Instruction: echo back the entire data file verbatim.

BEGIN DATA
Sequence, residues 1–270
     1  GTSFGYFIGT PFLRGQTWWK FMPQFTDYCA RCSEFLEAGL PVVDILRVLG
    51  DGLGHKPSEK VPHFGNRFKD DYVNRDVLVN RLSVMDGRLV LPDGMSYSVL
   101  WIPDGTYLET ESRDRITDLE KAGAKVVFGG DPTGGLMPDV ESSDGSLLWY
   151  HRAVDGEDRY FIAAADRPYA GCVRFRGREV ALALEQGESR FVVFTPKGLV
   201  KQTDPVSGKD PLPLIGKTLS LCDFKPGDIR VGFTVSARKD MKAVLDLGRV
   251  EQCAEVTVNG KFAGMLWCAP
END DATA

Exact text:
Sequence, residues 1–270
     1  GTSFGYFIGT PFLRGQTWWK FMPQFTDYCA RCSEFLEAGL PVVDILRVLG
    51  DGLGHKPSEK VPHFGNRFKD DYVNRDVLVN RLSVMDGRLV LPDGMSYSVL
   101  WIPDGTYLET ESRDRITDLE KAGAKVVFGG DPTGGLMPDV ESSDGSLLWY
   151  HRAVDGEDRY FIAAADRPYA GCVRFRGREV ALALEQGESR FVVFTPKGLV
   201  KQTDPVSGKD PLPLIGKTLS LCDFKPGDIR VGFTVSARKD MKAVLDLGRV
   251  EQCAEVTVNG KFAGMLWCAP